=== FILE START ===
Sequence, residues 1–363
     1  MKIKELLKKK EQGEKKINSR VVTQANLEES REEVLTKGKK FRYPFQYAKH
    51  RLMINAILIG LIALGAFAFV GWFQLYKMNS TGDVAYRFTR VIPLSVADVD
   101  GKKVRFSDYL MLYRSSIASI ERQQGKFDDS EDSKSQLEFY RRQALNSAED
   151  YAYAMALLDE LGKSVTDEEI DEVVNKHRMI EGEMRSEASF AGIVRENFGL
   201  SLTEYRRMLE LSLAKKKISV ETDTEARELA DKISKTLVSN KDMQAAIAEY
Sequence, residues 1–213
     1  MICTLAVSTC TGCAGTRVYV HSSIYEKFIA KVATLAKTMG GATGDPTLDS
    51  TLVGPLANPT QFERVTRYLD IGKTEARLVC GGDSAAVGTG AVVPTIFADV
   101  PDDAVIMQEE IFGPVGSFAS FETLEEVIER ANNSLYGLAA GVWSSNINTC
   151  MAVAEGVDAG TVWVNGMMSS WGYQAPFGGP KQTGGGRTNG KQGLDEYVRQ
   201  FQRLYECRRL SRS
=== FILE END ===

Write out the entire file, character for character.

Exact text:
Sequence, residues 1–363
     1  MKIKELLKKK EQGEKKINSR VVTQANLEES REEVLTKGKK FRYPFQYAKH
    51  RLMINAILIG LIALGAFAFV GWFQLYKMNS TGDVAYRFTR VIPLSVADVD
   101  GKKVRFSDYL MLYRSSIASI ERQQGKFDDS EDSKSQLEFY RRQALNSAED
   151  YAYAMALLDE LGKSVTDEEI DEVVNKHRMI EGEMRSEASF AGIVRENFGL
   201  SLTEYRRMLE LSLAKKKISV ETDTEARELA DKISKTLVSN KDMQAAIAEY
Sequence, residues 1–213
     1  MICTLAVSTC TGCAGTRVYV HSSIYEKFIA KVATLAKTMG GATGDPTLDS
    51  TLVGPLANPT QFERVTRYLD IGKTEARLVC GGDSAAVGTG AVVPTIFADV
   101  PDDAVIMQEE IFGPVGSFAS FETLEEVIER ANNSLYGLAA GVWSSNINTC
   151  MAVAEGVDAG TVWVNGMMSS WGYQAPFGGP KQTGGGRTNG KQGLDEYVRQ
   201  FQRLYECRRL SRS